## object thrown

I am trying to work out the problem for t in the equation. h=vt-1/2gt^2. I have the given for h,v, and g. How do I get everything except t on one side of the equation to solve for t.
 You learned this in Algebra II. (Substitute x for t).
 Think back to algebra, that is where you should have learned to solve for "t" when you have "t" to the second power and first power. The buzz word for what you have there is a "quadratic equation"

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## object thrown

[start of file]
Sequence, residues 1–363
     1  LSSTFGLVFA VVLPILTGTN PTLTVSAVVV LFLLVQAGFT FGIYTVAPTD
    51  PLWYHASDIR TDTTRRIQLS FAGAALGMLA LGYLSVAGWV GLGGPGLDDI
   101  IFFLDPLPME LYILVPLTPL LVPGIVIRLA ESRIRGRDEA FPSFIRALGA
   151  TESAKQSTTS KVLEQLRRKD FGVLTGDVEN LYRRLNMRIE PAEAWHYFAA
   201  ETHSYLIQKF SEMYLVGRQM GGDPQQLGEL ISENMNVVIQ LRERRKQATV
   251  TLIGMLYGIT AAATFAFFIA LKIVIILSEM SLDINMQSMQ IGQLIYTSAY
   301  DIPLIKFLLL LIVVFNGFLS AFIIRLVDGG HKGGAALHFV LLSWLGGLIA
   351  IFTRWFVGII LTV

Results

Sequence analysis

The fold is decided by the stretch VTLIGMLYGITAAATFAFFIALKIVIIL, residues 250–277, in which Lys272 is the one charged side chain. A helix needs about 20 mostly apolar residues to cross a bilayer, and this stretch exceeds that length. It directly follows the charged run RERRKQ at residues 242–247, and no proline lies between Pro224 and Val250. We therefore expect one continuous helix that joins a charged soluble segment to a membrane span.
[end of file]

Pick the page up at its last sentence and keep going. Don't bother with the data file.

Quote by dooner I am trying to work out the problem for t in the equation. h=vt-1/2gt^2. I have the given for h,v, and g. How do I get everything except t on one side of the equation to solve for t.
Note that one has terms of 1, t, t2, which tells one that this is a quadratic equation, so one can solve for the roots of the quadratic equation.

Remember, for ax2 + bx + c = 0, there are two unqiue solutions. However, in physics, one would be the proper solution, for example, the one for which t is positive.

There would be a lot of manipulation to get t or x on one side, and the answers on the other side, but it is doable.
 I ended up with t=(v-sqrt(v2-2*g*h)/g to get the answer I needed for the given info h=100,g=9.81, and v=50. Thanks
 wrong v2 is actually v^2
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